Between November 10th and 12th, NAS chairman Steve Balch participated in a symposium on the future of the humanities held in Florence, Italy by New York University's John Brademas Center for the Study of Congress. Among the twenty-eight other attendees were former Yale Law School Dean Anthony T. Kronman (author of a recent and widely praised defense of traditional liberal education, Education's End); former NEH Chairman Bruce Cole; Congressman Thomas Petri of Wisconsin; former Congressman Mickey Edwards of Oklahoma, currently Vice President of the Aspen Institute; John Agresto, past president of St. John's College in Santa Fe; Robert Berdahl, formerly UT president, Berkeley chancellor, and past president of the Association of American Universities, and Brad Wilson, executive director of Princeton University's James Madison Program in American Ideals and Institutions, a co-sponsor of the event.
In a discussion that refreshingly represented a significant variety of perspectives Dr. Balch pressed the point that gaining broad-based support for the humanities required regaining broad-based confidence in them, impossible unless humanistic scholarship shed its present ideological partisanship. When the moderator asked whether the next symposium on the humanities might be organized in a more inclusive way, Dr. Balch suggested that the invitation list be expanded to include some "soldiers, business-people, evangelicals, and talk-show hosts." Having sampled Florentine cuisine, as well as the hospitality of NYU's La Pietra conference center, a fifteenth century villa located in the Tuscan hills, Dr. Balch hopes to be on that list as well.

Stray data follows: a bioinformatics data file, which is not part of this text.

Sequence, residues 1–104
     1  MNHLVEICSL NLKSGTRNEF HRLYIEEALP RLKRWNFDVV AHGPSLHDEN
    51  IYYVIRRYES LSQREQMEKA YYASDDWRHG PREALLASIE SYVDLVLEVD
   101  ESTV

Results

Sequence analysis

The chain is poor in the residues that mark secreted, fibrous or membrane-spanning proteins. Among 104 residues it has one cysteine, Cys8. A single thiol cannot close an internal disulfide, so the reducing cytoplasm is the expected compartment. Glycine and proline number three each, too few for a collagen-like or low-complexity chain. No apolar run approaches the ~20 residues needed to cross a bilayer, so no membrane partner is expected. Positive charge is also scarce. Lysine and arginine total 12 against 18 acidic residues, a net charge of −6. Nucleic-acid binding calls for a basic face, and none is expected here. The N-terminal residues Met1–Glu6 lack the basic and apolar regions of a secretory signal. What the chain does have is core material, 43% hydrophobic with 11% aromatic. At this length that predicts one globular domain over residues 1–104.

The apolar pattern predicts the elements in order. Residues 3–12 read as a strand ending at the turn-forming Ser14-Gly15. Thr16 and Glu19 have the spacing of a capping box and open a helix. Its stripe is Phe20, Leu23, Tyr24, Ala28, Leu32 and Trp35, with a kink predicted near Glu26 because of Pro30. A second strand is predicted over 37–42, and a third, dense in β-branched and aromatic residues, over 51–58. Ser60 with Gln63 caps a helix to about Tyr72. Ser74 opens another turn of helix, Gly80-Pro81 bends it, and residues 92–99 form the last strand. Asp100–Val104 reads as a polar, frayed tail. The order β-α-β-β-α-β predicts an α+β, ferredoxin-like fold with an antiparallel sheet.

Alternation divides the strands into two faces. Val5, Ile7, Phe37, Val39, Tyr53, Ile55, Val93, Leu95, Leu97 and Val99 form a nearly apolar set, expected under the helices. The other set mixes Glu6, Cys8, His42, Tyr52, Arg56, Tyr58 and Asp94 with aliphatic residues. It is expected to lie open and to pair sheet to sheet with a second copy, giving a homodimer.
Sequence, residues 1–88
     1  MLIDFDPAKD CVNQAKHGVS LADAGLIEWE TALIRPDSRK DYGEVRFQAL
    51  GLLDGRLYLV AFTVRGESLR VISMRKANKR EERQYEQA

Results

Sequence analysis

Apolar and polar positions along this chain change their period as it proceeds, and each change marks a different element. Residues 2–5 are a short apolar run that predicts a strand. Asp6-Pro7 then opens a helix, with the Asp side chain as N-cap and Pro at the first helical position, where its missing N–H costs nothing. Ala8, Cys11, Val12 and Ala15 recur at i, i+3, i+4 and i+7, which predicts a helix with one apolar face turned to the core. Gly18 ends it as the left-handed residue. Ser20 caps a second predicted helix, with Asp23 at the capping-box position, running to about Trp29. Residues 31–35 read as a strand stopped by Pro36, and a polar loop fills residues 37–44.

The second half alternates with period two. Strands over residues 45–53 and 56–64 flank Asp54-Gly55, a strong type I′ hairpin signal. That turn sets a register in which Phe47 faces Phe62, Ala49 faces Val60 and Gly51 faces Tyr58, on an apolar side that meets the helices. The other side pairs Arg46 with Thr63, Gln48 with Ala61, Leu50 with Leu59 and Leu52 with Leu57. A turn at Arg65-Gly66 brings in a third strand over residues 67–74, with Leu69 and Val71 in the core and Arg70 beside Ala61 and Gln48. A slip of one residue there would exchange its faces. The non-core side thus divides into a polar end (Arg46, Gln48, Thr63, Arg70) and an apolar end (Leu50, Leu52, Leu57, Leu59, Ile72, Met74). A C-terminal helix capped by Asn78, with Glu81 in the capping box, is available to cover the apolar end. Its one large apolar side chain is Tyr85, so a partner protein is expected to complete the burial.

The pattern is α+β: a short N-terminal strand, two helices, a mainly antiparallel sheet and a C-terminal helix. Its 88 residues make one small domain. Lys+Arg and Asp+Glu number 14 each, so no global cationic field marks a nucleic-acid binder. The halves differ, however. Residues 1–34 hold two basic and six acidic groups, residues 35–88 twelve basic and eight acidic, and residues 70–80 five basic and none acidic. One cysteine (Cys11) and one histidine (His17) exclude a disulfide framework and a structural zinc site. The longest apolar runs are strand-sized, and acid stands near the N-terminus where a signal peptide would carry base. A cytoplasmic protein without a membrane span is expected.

On November 16th and 17th, Dr. Balch visited the campus of Carthage College in Kenosha, Wisconsin to speak on the place of Western civilization within the undergraduate curriculum. On the first day he spoke before an assemblage of Kenosha business and professional leaders on why the best type of global education is education about the West. On the second he addressed a faculty/student audience on how the study of Western civilization could be rescued from its current academic decline. Dr. Balch was also interviewed by local NPR radio host Greg Berg for WGTD's "The Morning Show," conferred with Carthage president F. Gregory Campbell, and participated in a number of classes in Carthage College's superb heritage program.